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Muhammad Ali Jinnah

Fathers name: Jinnahbhai Poonja

Mothers name: Mithibai Jinnah

Country of Birth:


Year of birth: 1876

Places of Residence:

England, India and Pakistan

Brothers/sisters: Fatima Jinnah

Studies: Law

Profession: Lawyer

Early Life And Education

Jinnah In His Youth
Quiad e azam Muhammad Ali Jinnah was born on 25 December 1876 in karachi pakistan. He was born to Mithibai Jinnah and Jinnahbhai Poonja.The first-born Jinnah was soon joined by six siblings: three brothers---Ahmad Ali, Bunde Ali, and Rahmat Ali---and three sisters: Maryam, Fatima and Shireen.His mother tongue was Gujarati; in time he also came to speak Kutchi, Sindhi and English.Jinnah was a restless student and studied at several schools: first at the Sindh-Madrasa-tul-Islam in Karachi; then briefly at the Gokal Das Tej Primary School in Bombay; and finally at the Christian Missionary Society High School in Karachi,[14] where, at the age of 16, he passed the matriculation examination of the University of Bombay.Jinnah was offered an apprenticeship at the London office of Graham's Shipping and Trading Company, a business that had extensive dealings with Jinnahbhai Poonja's firm in Karachi.In London, Jinnah soon gave up the apprenticeship to study law instead, by joining Lincoln's Inn.During his student years in England, Jinnah came under the spell of 19th-century British liberalism, like many other future Indian independence leaders. This education included exposure to the idea of the democratic nation and progressive politics. He admired William Gladstone and John Morley, British liberal statesmen. An admirer of the Indian political leaders Dadabhai Naoroji and Sir Pherozeshah Mehta, he worked with other Indian students on the former's successful campaign to become the first Indian to hold a seat in the British Parliament.By now, Jinnah had developed largely constitutionalist views on Indian self-government, and he condemned both the arrogance of British officials in India and the discrimination practiced by them against Indians. This idea of a nation legitimized by democratic principles and cultural commonalities was antithetical to the genuine diversity that had generally characterized the subcontinent. As an Indian intellectual and political authority, Jinnah would find his commitment to the Western ideal of the nation-state developed during his English education-- and the reality of heterogeneous Indian society to be difficult to reconcile during his later political career.
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Political Struggle And Achievements

Our Hero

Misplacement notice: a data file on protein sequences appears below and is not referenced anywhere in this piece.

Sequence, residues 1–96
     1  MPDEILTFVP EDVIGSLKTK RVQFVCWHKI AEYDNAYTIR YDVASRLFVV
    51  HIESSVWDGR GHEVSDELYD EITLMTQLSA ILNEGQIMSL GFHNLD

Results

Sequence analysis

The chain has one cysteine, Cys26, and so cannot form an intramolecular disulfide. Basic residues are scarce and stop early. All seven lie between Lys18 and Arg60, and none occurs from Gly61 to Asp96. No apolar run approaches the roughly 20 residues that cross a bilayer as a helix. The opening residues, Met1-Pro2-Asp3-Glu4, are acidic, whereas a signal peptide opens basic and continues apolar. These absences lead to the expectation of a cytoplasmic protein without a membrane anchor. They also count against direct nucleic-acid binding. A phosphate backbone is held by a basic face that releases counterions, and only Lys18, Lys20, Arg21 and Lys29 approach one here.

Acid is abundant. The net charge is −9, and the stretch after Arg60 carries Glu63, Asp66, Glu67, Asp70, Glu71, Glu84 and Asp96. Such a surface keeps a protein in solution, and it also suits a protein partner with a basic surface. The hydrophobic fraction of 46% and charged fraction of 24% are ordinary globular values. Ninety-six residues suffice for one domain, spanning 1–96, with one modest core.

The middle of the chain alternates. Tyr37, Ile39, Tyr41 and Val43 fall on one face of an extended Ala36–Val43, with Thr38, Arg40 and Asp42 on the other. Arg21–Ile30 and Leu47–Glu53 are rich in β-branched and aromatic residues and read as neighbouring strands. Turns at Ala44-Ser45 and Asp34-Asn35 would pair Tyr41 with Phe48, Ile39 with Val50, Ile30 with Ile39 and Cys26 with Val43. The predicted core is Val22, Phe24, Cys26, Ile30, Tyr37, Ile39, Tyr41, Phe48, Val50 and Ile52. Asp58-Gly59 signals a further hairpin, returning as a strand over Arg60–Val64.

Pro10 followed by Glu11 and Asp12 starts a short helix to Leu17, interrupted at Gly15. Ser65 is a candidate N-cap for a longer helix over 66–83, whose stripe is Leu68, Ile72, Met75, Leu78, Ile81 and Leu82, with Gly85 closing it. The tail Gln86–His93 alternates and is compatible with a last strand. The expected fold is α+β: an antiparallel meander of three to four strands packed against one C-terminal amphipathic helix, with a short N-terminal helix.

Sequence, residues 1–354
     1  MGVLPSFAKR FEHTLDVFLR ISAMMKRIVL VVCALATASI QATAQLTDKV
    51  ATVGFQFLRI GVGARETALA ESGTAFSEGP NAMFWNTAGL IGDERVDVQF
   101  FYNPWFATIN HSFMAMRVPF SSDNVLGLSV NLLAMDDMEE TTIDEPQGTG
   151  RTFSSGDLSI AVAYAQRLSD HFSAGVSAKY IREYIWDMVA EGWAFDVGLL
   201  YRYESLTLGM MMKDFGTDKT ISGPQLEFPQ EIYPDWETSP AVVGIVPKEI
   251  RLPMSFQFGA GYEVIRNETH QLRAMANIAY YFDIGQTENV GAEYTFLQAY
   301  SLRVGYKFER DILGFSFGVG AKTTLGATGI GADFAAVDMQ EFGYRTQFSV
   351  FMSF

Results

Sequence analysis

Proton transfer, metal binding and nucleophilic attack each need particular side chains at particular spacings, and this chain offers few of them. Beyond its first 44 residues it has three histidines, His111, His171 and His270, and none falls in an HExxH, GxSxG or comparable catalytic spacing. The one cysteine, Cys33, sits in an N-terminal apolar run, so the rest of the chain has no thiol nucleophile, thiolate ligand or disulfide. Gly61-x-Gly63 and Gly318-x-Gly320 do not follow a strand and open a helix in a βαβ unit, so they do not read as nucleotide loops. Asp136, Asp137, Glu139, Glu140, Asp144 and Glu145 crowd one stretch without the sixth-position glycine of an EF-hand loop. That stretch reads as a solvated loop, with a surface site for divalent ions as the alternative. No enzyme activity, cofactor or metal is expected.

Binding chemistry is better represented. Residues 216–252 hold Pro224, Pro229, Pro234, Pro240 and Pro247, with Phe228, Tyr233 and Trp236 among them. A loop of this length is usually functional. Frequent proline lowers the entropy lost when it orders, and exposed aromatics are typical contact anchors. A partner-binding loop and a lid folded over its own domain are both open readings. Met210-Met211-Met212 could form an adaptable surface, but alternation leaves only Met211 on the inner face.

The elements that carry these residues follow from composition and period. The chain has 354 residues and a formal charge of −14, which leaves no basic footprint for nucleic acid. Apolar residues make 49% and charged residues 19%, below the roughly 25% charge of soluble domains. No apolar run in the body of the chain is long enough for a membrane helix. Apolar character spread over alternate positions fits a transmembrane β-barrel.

The services and dynamic leadership of Quaid-e-Azam Mohammad Ali Jinnah in the Pakistan Movement need no introduction. In this movement, the personality of Quaid-e-Azam and his immense struggle made the tough pall of the foundation of Pakistan easy and finally, the Muslims of India were successful in reading their destination for which they underwent a long journey under the Quaid.Jinnah first entered politics by participating in the 1906 Calcutta session of the Indian National Congress, the party that called for dominion status and later for independence for India. Four years later he was elected to the Imperial Legislative Council--the beginning of a long and distinguished parliamentary career. In Bombay he came to know, among other important Congress personalities, Gopal Krishna Gokhale, the eminent Maratha leader. Greatly influenced by these nationalist politicians, Jinnah aspired during the early part of his political life to become "a Muslim Gokhale." Admiration for British political institutions and an eagerness to raise the status of India in the international community and to develop a sense of Indian nationhood among the peoples of India were the chief elements of his politics. At that time, he still looked upon Muslim interests in the context of Indian nationalism. his was an eventful life, his personality multidimensional and his achievements in other fields were many, if not equally great.Indeed, several were the roles he had played with distinction: at one time or another, he was one of the greatest legal luminaries India had produced during the first half of the century, an `ambassador of indu-Muslim unity, a great constitutionalist, a distinguished parliamentarian, a top-notch politician, an indefatigable freedom-fighter, a dynamic Muslim leader, a political strategist and, above all one of the great nation-builders of modern times.What, however, makes him so remarkable is the fact that while similar other leaders assumed the leadership of traditionally well-defined nations and espoused their cause, or led them to freedom, he created a nation out of an inchoate and down-trodeen minority and stablished a cultural and national home for it. And all that within a decase.For over three decades before the successful culmination in 1947, of the Muslim struggle for freedom in the South-Asian subcontinent, Jinnah had provided political leadership to the Indian Muslims: initially as one of the leaders, but later, since 1947, as the only prominent leader- the Quaid-i-Azam.For over thirty years, he had guided their affairs; he had given expression, coherence and direction to their ligitimate aspirations and cherished dreams he had formulated these into concerete demands; and, above all, he had striven all the while to get them conceded by both the ruling British and the numerous Hindus the dominant segment of India's population.And for over thirty years he had fought, relentlessly and inexorably, for the inherent rights of the Muslims for an honourable existence in the subcontinent. Indeed, his life story constitutes, as it were, the story of the rebirth of the Muslims of the subcontinent and their spectacular rise to nationhood, hoenixlike.
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